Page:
can’t. shouldn’t. mustn’t.
If you made a wordcloud of the contents of my head, they’d be the top three (rounding out the top five would be ‘tea’ and ‘making’). Those three words dullthudding around my brain like marbles on a concrete floor, every single day. Not much of a soundtrack, is it?
There is more than the tired refrain of can’t. shouldn’t. mustn’t. There is more than ruling myself out, turning down chance after chance because I can’t, because someone like me shouldn’t, because I mustn’t.
Now, to see what that is.
I cannot say enough good things about the sadly defunct Academichic in general, but I really like their take on colour theory, which you can see here.
Courtesy of a lovely Twitter Knitter comes a vote for the Vivienne Files. Gosh, couldn’t you just lose yourself?
Last but not least, Putting Me Together. Audrey has a lovely eye, and I’ve great time for her (just beginning) Wardrobe from Scratch series and her take on remixable items. More items does not necessarily mean a better wardrobe.
I had barely hit ‘post’ on the previous entry, and I run across this lovely, wise piece from Tuppence Ha’penny Vintage:
I had something of an epiphany and realised that no “courage” was required. I could wear vintage, I could wear twirly dresses and frothy petticoats and satin pencil skirts and dress like a pin-up if I wanted, there was actually nothing stopping me. And, well, as you know I’ve never looked back since! That’s why I so want to encourage anyone who feels drawn to vintage not to be held back by a lack of confidence – because it doesn’t require confidence, all it takes is the decision to wear the clothes you love.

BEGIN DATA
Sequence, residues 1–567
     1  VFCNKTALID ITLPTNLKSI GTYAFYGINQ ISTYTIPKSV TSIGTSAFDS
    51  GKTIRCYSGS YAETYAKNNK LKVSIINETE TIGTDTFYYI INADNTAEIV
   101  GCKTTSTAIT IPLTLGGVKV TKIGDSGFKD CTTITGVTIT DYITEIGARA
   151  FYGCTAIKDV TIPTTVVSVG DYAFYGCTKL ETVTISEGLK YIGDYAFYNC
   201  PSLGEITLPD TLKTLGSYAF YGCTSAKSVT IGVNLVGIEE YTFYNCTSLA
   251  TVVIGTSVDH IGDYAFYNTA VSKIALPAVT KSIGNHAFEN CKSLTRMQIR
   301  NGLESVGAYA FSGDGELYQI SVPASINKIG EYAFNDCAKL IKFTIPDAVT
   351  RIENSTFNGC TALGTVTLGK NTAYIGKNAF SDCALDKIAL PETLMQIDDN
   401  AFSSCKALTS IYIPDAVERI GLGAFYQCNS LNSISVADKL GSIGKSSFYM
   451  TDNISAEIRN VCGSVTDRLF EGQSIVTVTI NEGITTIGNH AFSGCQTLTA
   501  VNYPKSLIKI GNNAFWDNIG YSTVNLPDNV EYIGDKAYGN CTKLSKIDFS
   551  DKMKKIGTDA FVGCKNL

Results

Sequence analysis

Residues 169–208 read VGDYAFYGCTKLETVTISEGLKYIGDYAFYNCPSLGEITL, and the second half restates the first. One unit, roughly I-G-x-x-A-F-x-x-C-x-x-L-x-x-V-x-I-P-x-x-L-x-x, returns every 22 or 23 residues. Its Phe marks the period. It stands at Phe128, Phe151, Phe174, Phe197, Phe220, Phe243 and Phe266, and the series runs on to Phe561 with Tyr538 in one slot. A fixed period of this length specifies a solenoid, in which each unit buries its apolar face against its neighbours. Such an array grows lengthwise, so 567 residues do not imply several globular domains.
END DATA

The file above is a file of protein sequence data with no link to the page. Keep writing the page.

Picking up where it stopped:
If you love it, wear it, and it will bring you happiness.
Silk to chiffon to ponte, cotton to jersey; swirling botanical patterns and block colour. Deep reds and blues and greens, a surprisingly lovely and gentle navy, teals and purples, a great amount of black. These are my beautiful dresses that never get an airing. They are a silent reproach to my inertia, the somnolent grab for the clothes that I am used to, the ones that politely apologise for the visual space I might take up.
In the course of a great wardrobe clearout yesterday (read: one bag for the charity shop, an emptied wardrobe and three large mugs of tea later), it occurred to me; I have stopped dressing like myself. I can easily tell you how, but the why of it is rather tangled.
This does not seem like a particularly great way to go through life. I am no longer satisfied with leaving all the colour and playfulness for my sketchbooks and my finished work.
Yesterday I told myself, take a deep breath, and wear that dress. The earth will continue working away on its axis, the sky will not fall, people will not stare in horror and cover the eyes of small children. The likelihood is nobody will notice, or someone on the street will remark to themselves on what a lovely colour or pattern it is in between coffee-coffee-coffeethoughts and oh-god-the-email-is-mounting-upthoughts and go on their way.